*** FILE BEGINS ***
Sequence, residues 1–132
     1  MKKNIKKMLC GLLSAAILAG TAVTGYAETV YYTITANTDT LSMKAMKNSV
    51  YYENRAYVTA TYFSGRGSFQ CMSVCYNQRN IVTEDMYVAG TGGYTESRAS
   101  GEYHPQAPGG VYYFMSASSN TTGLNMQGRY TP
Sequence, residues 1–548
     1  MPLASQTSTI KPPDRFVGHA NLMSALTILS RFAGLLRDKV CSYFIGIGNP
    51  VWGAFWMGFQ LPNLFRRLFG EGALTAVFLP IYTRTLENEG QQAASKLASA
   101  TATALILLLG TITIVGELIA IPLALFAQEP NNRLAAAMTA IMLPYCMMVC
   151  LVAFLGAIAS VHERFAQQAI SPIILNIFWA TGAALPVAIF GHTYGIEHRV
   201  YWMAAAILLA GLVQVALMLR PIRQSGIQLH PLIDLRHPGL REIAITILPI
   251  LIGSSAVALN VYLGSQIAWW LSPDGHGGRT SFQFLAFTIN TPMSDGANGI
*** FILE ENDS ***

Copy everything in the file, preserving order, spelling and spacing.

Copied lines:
Sequence, residues 1–132
     1  MKKNIKKMLC GLLSAAILAG TAVTGYAETV YYTITANTDT LSMKAMKNSV
    51  YYENRAYVTA TYFSGRGSFQ CMSVCYNQRN IVTEDMYVAG TGGYTESRAS
   101  GEYHPQAPGG VYYFMSASSN TTGLNMQGRY TP
Sequence, residues 1–548
     1  MPLASQTSTI KPPDRFVGHA NLMSALTILS RFAGLLRDKV CSYFIGIGNP
    51  VWGAFWMGFQ LPNLFRRLFG EGALTAVFLP IYTRTLENEG QQAASKLASA
   101  TATALILLLG TITIVGELIA IPLALFAQEP NNRLAAAMTA IMLPYCMMVC
   151  LVAFLGAIAS VHERFAQQAI SPIILNIFWA TGAALPVAIF GHTYGIEHRV
   201  YWMAAAILLA GLVQVALMLR PIRQSGIQLH PLIDLRHPGL REIAITILPI
   251  LIGSSAVALN VYLGSQIAWW LSPDGHGGRT SFQFLAFTIN TPMSDGANGI